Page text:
“There’s no such thing as society. There are individual men and women and there are families.” – Margaret Thatcher
Before we discuss the Four Questions, before re-living the bitter persecution, or trying to taste the newfound freedom of our ancestors, before praying for a rebuilt Jerusalem in time for the next year’s holiday, and before reciting a crash course in Jewish history to our children, we do one thing.
The Passover seder begins with a call to all who are hungry to come and share in the meal.
No matter whether one is rich, poor, or middle class, part of the seder is to ensure all others have the ability to join.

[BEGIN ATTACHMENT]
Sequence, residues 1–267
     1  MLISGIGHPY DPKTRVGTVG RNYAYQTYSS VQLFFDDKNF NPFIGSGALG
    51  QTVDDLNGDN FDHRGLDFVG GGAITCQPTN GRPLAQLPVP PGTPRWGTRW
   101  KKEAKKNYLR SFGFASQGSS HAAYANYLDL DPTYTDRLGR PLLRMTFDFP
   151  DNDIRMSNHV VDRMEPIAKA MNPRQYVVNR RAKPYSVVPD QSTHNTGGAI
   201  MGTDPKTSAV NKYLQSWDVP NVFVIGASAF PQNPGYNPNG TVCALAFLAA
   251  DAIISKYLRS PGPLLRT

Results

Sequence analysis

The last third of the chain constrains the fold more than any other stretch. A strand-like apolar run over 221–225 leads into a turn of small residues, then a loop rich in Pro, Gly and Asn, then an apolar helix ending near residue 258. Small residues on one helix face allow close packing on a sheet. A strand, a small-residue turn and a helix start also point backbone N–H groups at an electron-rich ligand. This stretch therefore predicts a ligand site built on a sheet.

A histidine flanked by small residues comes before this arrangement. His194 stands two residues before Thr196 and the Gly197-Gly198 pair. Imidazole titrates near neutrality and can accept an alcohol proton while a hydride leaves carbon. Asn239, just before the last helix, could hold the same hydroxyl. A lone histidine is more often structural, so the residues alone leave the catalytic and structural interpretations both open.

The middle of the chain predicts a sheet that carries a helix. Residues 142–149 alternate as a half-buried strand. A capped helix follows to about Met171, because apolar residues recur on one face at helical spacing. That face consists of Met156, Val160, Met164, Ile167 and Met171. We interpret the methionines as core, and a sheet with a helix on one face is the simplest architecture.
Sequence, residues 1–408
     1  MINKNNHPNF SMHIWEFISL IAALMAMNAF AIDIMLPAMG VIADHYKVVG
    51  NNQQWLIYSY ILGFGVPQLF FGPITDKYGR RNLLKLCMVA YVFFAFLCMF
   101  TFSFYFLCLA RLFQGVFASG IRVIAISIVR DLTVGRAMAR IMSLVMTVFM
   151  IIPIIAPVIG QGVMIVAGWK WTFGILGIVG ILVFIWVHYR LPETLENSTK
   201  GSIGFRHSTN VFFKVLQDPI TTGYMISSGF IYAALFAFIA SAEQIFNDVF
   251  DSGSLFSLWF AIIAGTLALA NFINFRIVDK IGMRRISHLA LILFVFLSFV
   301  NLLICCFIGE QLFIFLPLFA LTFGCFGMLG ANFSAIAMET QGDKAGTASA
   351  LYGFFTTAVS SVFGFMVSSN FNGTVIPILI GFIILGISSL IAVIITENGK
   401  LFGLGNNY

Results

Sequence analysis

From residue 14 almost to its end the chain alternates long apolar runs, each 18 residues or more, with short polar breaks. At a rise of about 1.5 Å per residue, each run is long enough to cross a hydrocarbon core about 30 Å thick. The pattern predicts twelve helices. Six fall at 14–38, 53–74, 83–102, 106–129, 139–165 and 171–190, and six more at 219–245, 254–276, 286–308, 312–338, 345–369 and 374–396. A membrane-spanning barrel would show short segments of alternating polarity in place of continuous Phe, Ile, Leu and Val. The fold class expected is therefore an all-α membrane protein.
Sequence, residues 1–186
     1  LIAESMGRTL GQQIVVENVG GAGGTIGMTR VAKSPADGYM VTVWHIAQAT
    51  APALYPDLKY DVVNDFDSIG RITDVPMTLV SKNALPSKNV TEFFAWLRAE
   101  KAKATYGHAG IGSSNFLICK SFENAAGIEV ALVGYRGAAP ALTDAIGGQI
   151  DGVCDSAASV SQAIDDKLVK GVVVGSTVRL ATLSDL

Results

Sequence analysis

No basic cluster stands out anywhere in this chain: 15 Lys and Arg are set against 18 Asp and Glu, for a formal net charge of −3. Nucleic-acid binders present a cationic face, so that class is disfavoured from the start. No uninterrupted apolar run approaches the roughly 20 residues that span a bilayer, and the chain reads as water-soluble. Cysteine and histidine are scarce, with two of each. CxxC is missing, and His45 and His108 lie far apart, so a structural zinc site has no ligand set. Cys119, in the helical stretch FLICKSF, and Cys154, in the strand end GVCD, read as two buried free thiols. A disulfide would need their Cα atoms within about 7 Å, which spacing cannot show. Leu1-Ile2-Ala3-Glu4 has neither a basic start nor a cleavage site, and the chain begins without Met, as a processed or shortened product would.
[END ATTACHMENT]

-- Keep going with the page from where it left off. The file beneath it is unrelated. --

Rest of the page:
For governments, and for communities, that’s the goal.
Each government, and every community goes about it differently. Some focus on the governmental angle, while others look more to community. Some – and this is often the case today – look to partner the two, with communities acting as force multipliers to government, and government enabling communities to reach out even more.
But whichever path, let’s remember we are united on that goal: that everyone is welcomed and cared for.
Words to consider. Ideas to ponder. Politics, and Pesach.
By Howie Beigelman
Howie Beigelman, formerly of Springfield, NJ, is executive director of Ohio Jewish Communities. He works at the intersection of Jewish communal service and nonprofit advocacy. Follow him on Twitter @howielb.